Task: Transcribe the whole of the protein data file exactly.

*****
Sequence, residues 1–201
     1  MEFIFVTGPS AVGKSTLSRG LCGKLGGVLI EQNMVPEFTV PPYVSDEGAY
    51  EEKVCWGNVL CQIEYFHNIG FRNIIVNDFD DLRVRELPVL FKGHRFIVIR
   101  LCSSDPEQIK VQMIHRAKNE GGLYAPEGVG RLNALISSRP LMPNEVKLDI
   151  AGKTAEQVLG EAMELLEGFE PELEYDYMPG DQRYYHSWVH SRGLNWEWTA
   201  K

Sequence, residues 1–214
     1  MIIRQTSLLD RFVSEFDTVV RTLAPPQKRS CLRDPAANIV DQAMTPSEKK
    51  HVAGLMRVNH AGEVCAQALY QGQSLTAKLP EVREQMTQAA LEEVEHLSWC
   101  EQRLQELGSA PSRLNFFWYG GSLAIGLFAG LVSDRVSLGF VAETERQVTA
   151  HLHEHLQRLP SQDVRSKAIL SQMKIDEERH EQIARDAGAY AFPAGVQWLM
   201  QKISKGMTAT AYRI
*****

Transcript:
Sequence, residues 1–201
     1  MEFIFVTGPS AVGKSTLSRG LCGKLGGVLI EQNMVPEFTV PPYVSDEGAY
    51  EEKVCWGNVL CQIEYFHNIG FRNIIVNDFD DLRVRELPVL FKGHRFIVIR
   101  LCSSDPEQIK VQMIHRAKNE GGLYAPEGVG RLNALISSRP LMPNEVKLDI
   151  AGKTAEQVLG EAMELLEGFE PELEYDYMPG DQRYYHSWVH SRGLNWEWTA
   201  K

Sequence, residues 1–214
     1  MIIRQTSLLD RFVSEFDTVV RTLAPPQKRS CLRDPAANIV DQAMTPSEKK
    51  HVAGLMRVNH AGEVCAQALY QGQSLTAKLP EVREQMTQAA LEEVEHLSWC
   101  EQRLQELGSA PSRLNFFWYG GSLAIGLFAG LVSDRVSLGF VAETERQVTA
   151  HLHEHLQRLP SQDVRSKAIL SQMKIDEERH EQIARDAGAY AFPAGVQWLM
   201  QKISKGMTAT AYRI